Preparation work for the construction of China’s fifth Antarctic station has been completed, scientists on the icebreaker Xuelong (Snow Dragon) said on April 21, after the country’s 34th national scientific expedition to Earth’s southern polar region.
Temporary housing, a dock and roads have been built at the station on Inexpressible Island in the Ross Sea’s Terra Nova Bay, and electric power generation, seawater desalination and long-distance communication have all been established despite severe weather conditions, scientists said at a media briefing after the Xuelong returned to Shanghai following its 165-day expedition.
“Basic surveying and mapping, ecological monitoring, geological exploration and the design of the fifth station have been completed. This is the third year-round station after Changcheng and Zhongshan stations, and the first to be situated on the boundary of the Pacific Ocean,” said He Jianfeng, assistant to the chief scientist of this year’s 257-member expedition team.
He said the research base will be of great significance because none of China’s existing stations－which are used to study things such as the atmosphere, glaciers and astronomy－have a marine research focus.
“This new base on the coast of the Ross Sea－which has the largest continental shelf in the Antarctic region, with rich biodiversity－will be well-used in this respect,” he said.
A cottage has also been built nearby to make it easier to watch the 20,000 or so penguins on the island.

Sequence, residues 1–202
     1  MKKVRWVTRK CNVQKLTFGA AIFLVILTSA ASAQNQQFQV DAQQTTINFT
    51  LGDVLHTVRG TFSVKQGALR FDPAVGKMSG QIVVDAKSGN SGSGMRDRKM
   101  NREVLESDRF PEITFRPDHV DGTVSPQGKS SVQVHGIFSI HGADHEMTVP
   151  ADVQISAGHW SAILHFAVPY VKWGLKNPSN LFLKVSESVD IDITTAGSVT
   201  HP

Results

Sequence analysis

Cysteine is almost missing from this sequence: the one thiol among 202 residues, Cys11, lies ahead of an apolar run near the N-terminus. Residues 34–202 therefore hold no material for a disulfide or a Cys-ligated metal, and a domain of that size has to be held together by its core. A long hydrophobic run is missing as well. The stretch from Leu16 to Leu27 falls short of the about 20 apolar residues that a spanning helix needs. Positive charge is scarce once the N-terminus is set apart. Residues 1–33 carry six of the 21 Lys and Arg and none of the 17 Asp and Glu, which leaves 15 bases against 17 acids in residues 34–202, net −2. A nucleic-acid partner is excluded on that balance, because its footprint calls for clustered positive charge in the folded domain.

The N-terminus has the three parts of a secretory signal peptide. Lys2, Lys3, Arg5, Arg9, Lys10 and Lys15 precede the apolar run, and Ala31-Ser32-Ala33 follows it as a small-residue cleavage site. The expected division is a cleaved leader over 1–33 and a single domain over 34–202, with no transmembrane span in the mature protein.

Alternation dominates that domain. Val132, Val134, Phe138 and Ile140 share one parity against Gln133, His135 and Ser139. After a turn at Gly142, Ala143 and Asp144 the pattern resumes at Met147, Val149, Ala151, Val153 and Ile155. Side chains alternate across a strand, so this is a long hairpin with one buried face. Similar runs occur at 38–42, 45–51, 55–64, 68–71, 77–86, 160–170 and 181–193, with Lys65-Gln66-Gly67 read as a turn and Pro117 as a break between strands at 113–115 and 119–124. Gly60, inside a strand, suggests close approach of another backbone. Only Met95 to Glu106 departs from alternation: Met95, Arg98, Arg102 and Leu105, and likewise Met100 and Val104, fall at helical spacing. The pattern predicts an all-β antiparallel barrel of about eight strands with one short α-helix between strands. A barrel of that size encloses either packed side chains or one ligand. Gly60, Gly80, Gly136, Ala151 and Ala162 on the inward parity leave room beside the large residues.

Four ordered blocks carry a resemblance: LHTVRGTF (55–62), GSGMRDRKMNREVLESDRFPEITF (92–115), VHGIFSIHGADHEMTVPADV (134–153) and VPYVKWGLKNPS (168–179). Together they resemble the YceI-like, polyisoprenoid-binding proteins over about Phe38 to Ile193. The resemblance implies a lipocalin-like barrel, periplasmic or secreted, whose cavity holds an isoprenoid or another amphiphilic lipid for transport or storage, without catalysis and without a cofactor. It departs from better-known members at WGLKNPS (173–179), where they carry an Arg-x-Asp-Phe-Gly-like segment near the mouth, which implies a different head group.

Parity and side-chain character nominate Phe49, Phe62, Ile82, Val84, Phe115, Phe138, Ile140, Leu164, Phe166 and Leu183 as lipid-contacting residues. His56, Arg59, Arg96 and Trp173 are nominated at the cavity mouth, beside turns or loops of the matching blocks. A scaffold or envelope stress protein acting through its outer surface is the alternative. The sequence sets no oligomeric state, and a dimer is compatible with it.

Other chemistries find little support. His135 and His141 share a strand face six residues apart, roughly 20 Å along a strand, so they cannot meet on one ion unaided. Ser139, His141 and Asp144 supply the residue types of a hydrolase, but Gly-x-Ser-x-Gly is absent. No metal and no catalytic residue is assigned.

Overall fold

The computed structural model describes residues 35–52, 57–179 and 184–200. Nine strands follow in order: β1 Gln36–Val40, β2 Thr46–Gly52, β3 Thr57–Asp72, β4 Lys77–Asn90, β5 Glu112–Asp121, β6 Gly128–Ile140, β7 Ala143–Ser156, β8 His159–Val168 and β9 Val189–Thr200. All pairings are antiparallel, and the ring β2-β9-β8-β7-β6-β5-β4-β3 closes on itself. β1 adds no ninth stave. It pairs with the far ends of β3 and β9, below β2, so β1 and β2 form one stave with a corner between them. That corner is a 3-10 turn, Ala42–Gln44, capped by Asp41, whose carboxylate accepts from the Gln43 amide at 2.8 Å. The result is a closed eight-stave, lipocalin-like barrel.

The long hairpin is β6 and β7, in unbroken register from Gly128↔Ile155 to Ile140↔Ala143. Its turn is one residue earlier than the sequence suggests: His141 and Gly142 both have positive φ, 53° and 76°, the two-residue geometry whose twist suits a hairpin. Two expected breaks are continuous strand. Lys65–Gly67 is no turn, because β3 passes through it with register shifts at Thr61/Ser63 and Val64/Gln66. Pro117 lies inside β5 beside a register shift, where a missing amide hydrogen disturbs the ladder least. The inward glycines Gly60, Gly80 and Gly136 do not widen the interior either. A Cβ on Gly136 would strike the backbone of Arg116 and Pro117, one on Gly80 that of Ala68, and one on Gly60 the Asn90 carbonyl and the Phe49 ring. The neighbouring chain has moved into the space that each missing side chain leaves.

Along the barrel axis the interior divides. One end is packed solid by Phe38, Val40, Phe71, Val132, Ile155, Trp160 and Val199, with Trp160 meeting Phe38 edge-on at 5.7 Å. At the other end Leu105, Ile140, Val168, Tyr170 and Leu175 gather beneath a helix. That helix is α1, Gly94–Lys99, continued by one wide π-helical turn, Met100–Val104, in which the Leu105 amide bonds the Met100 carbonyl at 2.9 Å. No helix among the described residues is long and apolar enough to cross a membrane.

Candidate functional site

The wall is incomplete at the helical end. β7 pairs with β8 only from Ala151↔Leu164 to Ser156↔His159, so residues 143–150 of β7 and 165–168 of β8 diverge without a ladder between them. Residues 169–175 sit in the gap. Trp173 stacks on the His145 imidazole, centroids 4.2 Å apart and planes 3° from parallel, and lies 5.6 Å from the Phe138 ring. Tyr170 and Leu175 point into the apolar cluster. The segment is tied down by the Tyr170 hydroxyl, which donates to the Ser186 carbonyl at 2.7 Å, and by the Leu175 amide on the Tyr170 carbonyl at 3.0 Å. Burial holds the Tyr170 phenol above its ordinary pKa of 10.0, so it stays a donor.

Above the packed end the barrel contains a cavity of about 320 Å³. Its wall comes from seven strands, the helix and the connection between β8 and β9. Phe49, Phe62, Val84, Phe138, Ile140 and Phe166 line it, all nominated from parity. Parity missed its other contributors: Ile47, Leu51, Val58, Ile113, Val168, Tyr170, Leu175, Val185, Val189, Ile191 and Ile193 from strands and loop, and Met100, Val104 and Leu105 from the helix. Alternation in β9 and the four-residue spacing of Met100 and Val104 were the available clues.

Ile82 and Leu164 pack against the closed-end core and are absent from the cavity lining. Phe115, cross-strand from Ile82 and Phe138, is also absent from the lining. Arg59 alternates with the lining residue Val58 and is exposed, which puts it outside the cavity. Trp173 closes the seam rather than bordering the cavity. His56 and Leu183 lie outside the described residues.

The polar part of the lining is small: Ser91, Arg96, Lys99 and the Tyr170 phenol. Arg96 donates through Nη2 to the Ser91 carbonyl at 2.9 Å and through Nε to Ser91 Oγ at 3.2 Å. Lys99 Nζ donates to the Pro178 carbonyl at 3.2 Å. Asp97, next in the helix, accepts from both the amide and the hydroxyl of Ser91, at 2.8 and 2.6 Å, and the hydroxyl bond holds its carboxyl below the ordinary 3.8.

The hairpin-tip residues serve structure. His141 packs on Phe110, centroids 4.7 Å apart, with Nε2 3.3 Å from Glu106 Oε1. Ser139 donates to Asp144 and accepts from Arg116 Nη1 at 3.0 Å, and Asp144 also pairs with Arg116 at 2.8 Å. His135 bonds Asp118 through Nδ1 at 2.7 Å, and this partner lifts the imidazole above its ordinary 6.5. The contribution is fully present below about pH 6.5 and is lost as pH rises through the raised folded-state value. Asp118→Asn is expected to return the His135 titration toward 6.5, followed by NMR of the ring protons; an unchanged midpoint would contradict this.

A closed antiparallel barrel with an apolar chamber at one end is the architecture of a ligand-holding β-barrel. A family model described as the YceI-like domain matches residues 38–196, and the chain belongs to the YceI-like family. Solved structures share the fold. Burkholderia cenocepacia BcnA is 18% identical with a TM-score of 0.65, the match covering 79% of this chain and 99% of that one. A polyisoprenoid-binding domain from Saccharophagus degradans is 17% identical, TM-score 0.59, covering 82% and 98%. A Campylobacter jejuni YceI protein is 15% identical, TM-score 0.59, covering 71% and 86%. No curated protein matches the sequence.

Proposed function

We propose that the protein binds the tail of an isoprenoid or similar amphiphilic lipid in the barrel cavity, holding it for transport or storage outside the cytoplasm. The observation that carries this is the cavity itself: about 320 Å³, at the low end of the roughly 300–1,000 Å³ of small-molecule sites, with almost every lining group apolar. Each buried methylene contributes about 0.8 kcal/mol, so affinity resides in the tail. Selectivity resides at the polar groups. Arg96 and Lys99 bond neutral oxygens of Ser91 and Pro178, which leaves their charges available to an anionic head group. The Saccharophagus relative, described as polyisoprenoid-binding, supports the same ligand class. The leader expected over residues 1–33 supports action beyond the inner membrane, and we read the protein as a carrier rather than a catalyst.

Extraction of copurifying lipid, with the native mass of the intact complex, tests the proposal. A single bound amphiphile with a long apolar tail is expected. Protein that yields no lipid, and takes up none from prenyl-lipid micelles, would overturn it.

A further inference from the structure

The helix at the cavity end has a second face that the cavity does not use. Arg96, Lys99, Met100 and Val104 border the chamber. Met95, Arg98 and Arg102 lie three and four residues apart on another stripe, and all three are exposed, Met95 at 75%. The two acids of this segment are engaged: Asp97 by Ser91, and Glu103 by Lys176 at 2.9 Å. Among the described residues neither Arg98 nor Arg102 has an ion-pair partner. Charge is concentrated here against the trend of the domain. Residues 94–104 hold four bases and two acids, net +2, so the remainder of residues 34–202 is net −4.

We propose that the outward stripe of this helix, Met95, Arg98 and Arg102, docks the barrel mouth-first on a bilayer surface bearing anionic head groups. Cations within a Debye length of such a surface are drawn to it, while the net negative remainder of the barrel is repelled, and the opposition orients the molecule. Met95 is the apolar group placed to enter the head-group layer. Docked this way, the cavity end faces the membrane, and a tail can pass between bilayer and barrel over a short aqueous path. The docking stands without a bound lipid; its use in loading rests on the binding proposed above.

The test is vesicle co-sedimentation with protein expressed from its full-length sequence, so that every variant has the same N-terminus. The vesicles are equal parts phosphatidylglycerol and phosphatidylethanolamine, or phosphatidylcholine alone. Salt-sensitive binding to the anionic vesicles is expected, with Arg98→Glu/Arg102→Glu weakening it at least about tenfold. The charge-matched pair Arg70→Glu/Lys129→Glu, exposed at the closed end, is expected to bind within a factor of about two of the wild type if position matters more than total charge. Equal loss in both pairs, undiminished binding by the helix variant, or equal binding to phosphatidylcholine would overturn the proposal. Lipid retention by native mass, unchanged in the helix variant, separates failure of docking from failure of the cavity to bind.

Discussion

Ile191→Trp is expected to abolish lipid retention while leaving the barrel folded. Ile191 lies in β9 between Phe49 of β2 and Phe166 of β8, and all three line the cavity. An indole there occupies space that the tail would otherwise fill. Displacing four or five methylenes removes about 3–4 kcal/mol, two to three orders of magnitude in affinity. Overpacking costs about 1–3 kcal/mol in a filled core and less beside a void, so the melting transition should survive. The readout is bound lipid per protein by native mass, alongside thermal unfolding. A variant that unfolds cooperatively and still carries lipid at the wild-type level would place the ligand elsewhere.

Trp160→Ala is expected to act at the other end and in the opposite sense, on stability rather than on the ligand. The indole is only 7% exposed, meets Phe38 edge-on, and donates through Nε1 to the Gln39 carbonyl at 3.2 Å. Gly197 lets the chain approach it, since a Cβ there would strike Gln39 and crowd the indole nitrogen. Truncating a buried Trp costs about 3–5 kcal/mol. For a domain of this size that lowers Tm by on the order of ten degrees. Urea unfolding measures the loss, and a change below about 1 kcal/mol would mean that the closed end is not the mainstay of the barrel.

“The northern point of the island is home to a large number of penguins, and we hope to keep an eye on them and ensure that the construction of the new station does not harm the local environment,” He said.
Construction may be finished by 2022.
Scientists also said they had for the first time discovered marine microplastics, tiny pieces of plastic often used as scrubbers in facial cleansers and toothpastes, in the ocean off the Antarctic Peninsula.
He said microplastics, which reach oceans after passing through wastewater treatment plants, were also found during the national expedition to the Arctic last year.
“That was somewhat understandable as the northern seas are not far from human activity, but it’s surprising that they also appeared in the Antarctic,” he said.
Lin Weiqing, deputy director of the Shanghai Academy of Environmental Sciences, said microplastics have already been discovered in zooplankton and could eventually find their way to people’s stomachs if the zooplankton are consumed by fish and other creatures higher up the food chain.
“That threat has attracted international attention and we’ll strengthen monitoring after this discovery,” He said.
“If necessary, China, as a responsible power, will unite with other countries to propose that we should take action to protect the Antarctic, which is the common property of mankind.”